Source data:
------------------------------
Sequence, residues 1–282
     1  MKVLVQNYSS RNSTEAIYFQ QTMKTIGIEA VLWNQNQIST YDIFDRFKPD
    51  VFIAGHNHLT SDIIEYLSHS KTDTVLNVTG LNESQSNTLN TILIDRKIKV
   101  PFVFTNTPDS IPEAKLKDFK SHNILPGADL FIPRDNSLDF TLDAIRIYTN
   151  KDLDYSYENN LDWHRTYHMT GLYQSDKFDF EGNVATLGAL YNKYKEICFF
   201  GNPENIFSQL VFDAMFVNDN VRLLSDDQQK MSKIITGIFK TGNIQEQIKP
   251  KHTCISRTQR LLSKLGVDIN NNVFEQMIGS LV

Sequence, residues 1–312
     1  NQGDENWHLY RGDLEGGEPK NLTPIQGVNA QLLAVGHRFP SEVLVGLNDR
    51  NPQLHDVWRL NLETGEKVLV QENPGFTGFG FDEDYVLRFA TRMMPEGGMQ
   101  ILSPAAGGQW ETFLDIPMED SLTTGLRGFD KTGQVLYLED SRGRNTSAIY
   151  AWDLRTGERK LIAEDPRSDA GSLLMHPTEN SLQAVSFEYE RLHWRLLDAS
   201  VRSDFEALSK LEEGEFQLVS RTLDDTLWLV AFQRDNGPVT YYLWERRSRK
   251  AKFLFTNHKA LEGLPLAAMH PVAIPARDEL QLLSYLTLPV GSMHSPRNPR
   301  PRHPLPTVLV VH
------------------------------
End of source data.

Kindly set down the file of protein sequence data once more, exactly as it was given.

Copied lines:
Sequence, residues 1–282
     1  MKVLVQNYSS RNSTEAIYFQ QTMKTIGIEA VLWNQNQIST YDIFDRFKPD
    51  VFIAGHNHLT SDIIEYLSHS KTDTVLNVTG LNESQSNTLN TILIDRKIKV
   101  PFVFTNTPDS IPEAKLKDFK SHNILPGADL FIPRDNSLDF TLDAIRIYTN
   151  KDLDYSYENN LDWHRTYHMT GLYQSDKFDF EGNVATLGAL YNKYKEICFF
   201  GNPENIFSQL VFDAMFVNDN VRLLSDDQQK MSKIITGIFK TGNIQEQIKP
   251  KHTCISRTQR LLSKLGVDIN NNVFEQMIGS LV

Sequence, residues 1–312
     1  NQGDENWHLY RGDLEGGEPK NLTPIQGVNA QLLAVGHRFP SEVLVGLNDR
    51  NPQLHDVWRL NLETGEKVLV QENPGFTGFG FDEDYVLRFA TRMMPEGGMQ
   101  ILSPAAGGQW ETFLDIPMED SLTTGLRGFD KTGQVLYLED SRGRNTSAIY
   151  AWDLRTGERK LIAEDPRSDA GSLLMHPTEN SLQAVSFEYE RLHWRLLDAS
   201  VRSDFEALSK LEEGEFQLVS RTLDDTLWLV AFQRDNGPVT YYLWERRSRK
   251  AKFLFTNHKA LEGLPLAAMH PVAIPARDEL QLLSYLTLPV GSMHSPRNPR
   301  PRHPLPTVLV VH